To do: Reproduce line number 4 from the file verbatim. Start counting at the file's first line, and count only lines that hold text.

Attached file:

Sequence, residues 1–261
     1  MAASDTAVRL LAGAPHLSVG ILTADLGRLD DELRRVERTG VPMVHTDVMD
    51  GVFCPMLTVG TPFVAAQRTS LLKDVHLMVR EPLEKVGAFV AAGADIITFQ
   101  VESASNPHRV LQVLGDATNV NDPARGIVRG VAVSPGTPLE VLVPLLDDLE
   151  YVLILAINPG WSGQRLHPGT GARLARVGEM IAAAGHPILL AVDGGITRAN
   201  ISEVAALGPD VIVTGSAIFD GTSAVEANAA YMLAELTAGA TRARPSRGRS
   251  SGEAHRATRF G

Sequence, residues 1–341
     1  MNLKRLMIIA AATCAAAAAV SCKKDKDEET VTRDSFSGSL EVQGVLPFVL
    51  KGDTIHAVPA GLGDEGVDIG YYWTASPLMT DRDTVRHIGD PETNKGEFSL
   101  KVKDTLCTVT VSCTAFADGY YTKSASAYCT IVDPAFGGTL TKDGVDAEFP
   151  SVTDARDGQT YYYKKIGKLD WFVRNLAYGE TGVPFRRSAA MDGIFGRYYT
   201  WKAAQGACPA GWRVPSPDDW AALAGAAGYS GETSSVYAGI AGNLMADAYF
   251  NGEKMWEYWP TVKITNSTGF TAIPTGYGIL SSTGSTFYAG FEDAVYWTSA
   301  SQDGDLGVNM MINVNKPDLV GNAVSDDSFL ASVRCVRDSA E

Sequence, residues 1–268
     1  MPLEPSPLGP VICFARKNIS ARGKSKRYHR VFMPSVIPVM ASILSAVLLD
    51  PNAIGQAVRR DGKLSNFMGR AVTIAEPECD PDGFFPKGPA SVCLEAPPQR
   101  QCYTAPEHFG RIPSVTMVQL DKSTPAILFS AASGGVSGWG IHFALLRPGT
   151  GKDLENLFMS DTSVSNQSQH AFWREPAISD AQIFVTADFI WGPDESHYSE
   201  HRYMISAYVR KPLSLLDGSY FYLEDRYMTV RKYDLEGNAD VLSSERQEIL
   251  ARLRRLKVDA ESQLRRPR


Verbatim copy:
   101  VESASNPHRV LQVLGDATNV NDPARGIVRG VAVSPGTPLE VLVPLLDDLE